Pew Research Center Releases 'Local News In A Digital Age' Report
March 6, 2015 at 3:56 AM (PT)
The PEW RESEARCH CENTER's "Local News in a Digital Age" report, released THURSDAY (3/6), found that TV remains the top local news source but the Internet has made inroads, especially in larger, more digitally-savvy markets. Still, newspaper use has declined and "nontraditional news outlets," defined as "neighborhood associations, government agencies or officials, or digital-only outlets," remain a minor percentage of local news usage. And ten percent of respondents say they have called into a local radio or TV show in the past year.
The study, which focused on DENVER, MACON, and SIOUX CITY and included separate methodologies for each market, found that the greatest disparity was not between the differently-digital metros but within them, namely race and ethnicity, which showed minority populations -- Hispanics in DENVER, African-Americans in MACON -- more likely to closely follow local news than white respondents.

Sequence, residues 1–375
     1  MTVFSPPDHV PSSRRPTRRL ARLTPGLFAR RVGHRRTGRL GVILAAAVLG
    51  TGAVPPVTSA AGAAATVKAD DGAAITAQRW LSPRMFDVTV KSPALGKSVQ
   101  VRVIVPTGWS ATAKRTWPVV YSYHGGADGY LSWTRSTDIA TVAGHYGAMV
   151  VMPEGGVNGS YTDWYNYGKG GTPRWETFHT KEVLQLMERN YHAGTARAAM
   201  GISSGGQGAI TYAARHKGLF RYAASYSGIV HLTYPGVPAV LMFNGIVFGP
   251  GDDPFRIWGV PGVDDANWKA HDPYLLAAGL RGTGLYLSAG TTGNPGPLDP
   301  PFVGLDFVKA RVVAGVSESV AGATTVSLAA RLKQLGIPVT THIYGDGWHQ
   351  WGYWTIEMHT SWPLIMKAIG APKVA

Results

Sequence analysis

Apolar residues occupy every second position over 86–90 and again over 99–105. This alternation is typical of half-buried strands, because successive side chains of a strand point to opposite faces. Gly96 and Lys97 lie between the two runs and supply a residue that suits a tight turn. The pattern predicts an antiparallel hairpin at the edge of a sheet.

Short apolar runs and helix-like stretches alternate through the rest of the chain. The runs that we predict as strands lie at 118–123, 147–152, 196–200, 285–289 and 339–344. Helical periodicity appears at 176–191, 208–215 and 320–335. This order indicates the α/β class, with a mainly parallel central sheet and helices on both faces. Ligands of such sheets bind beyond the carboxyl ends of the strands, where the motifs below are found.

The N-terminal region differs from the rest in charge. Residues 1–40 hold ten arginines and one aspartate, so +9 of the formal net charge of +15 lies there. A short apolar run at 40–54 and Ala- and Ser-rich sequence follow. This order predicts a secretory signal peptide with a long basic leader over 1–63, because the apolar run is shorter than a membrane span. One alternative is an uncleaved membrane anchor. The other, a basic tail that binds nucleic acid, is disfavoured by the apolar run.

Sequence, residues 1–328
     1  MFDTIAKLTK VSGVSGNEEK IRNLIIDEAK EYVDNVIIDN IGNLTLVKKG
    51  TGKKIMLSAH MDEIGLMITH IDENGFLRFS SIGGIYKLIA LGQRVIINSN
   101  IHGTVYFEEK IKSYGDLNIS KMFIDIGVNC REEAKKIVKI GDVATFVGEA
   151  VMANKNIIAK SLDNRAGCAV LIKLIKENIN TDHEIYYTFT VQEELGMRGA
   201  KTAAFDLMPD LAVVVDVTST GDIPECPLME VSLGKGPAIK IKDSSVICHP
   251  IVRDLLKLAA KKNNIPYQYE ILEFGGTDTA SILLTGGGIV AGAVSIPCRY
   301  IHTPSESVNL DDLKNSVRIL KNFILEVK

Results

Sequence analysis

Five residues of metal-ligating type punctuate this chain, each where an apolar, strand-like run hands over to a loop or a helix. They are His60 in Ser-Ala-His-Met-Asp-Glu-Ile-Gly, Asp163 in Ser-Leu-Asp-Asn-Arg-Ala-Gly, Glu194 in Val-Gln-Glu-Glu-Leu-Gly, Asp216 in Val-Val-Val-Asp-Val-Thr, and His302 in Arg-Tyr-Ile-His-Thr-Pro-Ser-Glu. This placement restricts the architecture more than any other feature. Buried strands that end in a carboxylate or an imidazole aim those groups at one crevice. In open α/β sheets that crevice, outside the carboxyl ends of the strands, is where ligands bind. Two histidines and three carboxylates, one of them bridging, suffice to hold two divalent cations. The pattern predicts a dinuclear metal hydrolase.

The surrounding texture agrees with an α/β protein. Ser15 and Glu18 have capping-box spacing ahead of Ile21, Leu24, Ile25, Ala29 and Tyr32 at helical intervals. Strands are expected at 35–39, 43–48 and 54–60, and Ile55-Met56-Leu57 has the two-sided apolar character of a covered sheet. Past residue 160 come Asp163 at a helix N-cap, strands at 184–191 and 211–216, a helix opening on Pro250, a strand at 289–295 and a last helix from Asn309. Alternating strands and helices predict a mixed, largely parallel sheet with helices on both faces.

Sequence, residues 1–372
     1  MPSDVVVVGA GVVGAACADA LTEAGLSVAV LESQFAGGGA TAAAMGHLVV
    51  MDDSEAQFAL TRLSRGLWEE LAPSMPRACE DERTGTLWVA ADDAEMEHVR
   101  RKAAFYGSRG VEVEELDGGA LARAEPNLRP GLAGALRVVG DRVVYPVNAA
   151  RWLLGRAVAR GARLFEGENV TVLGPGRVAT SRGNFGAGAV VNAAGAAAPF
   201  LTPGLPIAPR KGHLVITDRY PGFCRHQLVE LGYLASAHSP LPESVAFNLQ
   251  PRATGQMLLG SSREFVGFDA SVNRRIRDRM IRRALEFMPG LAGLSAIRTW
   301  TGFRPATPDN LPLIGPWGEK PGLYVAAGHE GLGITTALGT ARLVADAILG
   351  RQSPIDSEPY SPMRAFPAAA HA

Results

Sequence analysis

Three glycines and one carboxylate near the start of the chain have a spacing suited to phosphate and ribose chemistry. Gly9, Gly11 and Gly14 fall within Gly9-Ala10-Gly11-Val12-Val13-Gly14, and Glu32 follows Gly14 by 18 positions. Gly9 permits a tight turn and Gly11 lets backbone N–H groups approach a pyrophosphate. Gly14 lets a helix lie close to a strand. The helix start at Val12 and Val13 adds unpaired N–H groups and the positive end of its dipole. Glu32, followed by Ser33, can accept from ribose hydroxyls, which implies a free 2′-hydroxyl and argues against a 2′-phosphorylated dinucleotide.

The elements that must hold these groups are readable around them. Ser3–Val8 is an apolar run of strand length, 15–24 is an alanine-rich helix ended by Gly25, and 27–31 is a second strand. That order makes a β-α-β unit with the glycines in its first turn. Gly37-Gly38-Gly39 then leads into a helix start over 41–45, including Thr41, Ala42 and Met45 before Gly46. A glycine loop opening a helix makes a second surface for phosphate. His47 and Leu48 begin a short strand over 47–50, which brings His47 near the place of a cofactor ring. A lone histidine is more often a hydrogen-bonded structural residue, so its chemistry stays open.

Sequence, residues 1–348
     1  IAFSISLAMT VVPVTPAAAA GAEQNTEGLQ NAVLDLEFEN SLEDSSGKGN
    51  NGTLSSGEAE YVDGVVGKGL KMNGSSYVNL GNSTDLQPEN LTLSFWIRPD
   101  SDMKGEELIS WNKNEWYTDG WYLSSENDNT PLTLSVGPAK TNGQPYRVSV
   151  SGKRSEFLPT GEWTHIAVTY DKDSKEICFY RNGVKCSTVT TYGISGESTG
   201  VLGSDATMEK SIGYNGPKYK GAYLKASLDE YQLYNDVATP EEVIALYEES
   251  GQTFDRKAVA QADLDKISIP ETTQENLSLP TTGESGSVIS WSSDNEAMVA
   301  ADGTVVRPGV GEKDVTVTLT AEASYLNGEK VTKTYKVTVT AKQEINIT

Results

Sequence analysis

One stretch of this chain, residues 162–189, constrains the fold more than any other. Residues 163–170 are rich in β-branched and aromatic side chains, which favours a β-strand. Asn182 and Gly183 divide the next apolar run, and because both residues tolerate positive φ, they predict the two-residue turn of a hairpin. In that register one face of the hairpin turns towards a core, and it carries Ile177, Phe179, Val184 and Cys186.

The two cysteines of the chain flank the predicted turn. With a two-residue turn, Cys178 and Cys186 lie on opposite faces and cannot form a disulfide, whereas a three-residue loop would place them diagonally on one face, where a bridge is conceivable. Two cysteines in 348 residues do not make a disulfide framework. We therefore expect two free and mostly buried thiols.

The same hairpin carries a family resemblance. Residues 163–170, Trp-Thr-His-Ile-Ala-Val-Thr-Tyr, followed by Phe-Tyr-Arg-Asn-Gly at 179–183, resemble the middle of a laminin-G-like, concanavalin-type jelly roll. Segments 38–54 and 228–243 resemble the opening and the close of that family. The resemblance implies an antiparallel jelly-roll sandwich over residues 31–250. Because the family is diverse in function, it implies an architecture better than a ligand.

Local radio news tends to trail local TV and the major daily local newspaper in each market as a source for local news. Observing DENVER, the study noted that radio "stood out during the time period studied for being the only segment of the media to present interviews with any of the candidates" in a primary election, including iHEARTMEDIA News-Talk KHOW-A/DENVER's MANDY CONNELL airing eight segments, six of which included interviewing three of the Republican gubernatorial candidates, and KGNU with a discussion between two Democrats running for State Board of Education.
And COLORADO PUBLIC RADIO was cited for "a different type of in-depth reporting that was not found elsewhere," going in-depth on specific topics on the air and on the "COLORADO MATTERS" podcast, while the MACON and SIOUX CITY NPR affiliates "offered very little local news."
Read the study by clicking here.